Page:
The failure to take proper action to prevent or mitigate an emergency can often be traced to the absence of specific written procedures and a lack of training. Inadequate emergency procedures and training for engineering systems were contributing causes in the allision of bulk carrier Anna Smile with a grain elevator. The absence of ship-specific procedures for the autopilot on towing vessel Krystal Sea factored in its collision with Coast Guard cutter Sycamore.
#3 FISHING VESSEL STABILITY
A forum on fishing vessel safety the NTSB convened several years ago revealed that fishermen may not know how to apply principles of stability in the safe operation of their vessels. The NTSB recommended that all owners, masters, and engineers of commercial fishing vessels receive mandatory training and prove competency in vessel stability, watertight integrity, subdivision, and the use of vessel stability information. The capsizing and sinking of fi vessel Christopher’s Joy was attributed to a disregard for the impact of deployed fi gear on the reserve stability of the vessel.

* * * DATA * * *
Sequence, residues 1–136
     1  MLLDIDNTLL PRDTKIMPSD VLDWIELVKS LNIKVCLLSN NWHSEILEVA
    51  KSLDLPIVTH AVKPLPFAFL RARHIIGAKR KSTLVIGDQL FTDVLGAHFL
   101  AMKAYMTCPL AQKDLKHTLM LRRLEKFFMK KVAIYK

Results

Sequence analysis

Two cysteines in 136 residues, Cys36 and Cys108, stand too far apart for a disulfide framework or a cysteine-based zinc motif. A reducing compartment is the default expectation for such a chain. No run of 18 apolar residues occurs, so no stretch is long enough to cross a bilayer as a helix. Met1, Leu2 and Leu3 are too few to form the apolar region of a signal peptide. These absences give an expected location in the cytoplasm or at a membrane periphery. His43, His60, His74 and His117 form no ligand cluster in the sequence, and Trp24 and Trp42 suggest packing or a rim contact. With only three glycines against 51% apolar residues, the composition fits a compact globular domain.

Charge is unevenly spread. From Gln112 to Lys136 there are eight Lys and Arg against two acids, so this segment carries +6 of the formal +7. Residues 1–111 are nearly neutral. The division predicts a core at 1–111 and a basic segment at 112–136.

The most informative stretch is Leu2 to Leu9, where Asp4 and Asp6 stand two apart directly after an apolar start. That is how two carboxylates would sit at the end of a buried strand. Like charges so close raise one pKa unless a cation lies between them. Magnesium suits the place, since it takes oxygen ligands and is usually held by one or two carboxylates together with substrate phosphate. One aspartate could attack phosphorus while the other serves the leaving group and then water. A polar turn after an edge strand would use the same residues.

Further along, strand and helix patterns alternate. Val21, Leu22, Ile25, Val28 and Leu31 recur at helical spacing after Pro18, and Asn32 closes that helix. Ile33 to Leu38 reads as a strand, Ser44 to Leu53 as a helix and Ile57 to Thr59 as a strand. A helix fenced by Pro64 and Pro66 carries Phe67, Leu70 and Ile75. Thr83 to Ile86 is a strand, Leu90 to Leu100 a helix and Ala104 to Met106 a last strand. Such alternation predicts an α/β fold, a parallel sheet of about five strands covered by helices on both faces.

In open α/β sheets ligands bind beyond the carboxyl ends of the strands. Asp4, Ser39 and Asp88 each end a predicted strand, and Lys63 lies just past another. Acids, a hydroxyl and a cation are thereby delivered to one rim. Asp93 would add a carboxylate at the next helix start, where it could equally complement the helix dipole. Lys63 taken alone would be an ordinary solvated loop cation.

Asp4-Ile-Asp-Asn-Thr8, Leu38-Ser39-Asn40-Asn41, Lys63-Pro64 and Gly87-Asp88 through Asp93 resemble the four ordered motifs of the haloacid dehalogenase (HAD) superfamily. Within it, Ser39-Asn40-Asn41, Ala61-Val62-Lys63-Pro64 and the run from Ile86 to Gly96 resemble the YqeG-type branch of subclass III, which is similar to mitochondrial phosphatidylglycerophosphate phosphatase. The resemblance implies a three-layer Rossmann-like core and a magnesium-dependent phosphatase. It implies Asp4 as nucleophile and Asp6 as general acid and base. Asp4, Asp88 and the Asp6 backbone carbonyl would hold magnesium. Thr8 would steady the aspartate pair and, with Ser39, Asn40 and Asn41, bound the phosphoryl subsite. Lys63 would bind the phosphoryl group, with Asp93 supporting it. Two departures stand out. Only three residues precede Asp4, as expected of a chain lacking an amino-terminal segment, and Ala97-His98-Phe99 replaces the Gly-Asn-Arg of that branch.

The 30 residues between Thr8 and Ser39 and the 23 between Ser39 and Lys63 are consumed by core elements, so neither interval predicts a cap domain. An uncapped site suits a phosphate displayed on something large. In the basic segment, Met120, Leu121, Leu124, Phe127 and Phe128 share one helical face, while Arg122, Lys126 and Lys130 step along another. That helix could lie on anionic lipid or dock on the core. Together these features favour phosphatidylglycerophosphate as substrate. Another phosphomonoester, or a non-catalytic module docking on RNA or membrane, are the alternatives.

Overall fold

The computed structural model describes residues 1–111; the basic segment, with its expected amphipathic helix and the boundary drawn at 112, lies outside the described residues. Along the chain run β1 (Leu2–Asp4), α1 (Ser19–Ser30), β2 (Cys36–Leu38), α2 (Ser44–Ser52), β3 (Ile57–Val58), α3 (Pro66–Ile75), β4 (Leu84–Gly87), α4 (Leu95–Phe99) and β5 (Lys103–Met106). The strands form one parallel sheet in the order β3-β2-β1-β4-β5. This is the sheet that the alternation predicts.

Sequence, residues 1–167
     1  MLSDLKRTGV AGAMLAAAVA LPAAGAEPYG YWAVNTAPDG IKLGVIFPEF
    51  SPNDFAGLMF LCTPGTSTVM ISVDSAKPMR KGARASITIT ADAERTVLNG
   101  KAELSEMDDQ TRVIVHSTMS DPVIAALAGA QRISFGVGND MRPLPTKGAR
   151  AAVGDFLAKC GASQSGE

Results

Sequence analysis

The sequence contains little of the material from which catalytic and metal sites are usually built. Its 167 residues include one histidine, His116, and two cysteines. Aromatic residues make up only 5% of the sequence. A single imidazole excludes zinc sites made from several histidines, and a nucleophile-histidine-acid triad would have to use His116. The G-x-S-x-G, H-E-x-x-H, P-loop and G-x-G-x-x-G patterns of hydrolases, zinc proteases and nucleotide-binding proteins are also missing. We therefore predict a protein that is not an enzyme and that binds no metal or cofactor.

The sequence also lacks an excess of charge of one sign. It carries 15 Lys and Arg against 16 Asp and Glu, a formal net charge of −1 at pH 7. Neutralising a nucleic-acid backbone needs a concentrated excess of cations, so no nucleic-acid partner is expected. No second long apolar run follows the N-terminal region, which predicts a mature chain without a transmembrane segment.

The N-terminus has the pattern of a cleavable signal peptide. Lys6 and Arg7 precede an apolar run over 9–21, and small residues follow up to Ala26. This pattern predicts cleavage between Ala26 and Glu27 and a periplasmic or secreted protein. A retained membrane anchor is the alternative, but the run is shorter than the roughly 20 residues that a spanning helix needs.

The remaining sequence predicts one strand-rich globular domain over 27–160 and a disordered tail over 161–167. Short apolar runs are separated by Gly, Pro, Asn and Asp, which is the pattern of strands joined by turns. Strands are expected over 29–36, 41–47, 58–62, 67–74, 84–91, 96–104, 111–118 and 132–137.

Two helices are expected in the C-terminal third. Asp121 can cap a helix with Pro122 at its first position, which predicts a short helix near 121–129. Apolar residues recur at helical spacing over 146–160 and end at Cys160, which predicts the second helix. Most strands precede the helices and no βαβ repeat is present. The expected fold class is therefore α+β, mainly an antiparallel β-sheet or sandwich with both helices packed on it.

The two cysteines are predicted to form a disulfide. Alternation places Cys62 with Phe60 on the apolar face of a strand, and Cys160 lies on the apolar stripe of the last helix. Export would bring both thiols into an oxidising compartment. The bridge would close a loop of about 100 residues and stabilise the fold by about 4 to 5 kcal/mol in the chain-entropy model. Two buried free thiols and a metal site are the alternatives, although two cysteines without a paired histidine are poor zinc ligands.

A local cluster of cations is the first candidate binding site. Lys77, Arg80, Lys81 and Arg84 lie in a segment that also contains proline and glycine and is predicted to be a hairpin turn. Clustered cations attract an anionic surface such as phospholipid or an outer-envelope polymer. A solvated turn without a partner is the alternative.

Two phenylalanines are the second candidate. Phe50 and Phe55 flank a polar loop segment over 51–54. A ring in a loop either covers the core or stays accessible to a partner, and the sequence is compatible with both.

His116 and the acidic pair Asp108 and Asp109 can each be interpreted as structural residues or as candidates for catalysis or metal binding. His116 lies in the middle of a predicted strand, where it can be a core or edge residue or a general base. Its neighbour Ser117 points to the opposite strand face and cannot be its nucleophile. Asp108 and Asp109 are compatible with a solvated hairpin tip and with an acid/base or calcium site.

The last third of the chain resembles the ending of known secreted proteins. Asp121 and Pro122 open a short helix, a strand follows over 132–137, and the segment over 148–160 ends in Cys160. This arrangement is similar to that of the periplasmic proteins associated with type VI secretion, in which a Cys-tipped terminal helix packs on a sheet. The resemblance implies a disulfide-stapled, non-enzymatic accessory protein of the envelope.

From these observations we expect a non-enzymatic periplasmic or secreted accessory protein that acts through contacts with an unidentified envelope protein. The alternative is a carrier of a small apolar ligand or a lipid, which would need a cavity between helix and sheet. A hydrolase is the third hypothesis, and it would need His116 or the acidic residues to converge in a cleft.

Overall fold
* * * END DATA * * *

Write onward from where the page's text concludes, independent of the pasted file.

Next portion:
#2 WATERTIGHT INTEGRITY
Maximizing the watertight integrity of a vessel is critical to buoyancy and stability in the event of a marine casualty. A hole in the side shell of a vessel, especially near the waterline, poses an immediate risk. When a potential hull breach has been identified, operations should be halted until repairs are made or the crew determines that the damage does not affect seaworthiness.
For systems that source from or discharge to the sea, an effective lock-out/tag-out program helps
to prevent inadvertent f associated with repairs. In addition, watertight doors should be kept closed at all times when a vessel is under way, unless a crewmember is passing through. A lack of watertight integrity contributed to the complete loss of six vessels during this reporting period: Celeste Ann, Christopher’s Joy, Jim Marko, Nalani, Nash, and Spirit of Adventure.
#1 ABANDON SHIP PROCEDURES
Crewmembers should wear personal protective equipment for operations under way and always wear personal flotation devices when abandoning ship. When towing vessel Jim Marko sank in the Mississippi River, two crewmembers were barefoot and one did not wear a personal flotation device. The river was experiencing high-water conditions at the time, which would have posed a heightened risk had crewmembers been forced to abandon ship into the water.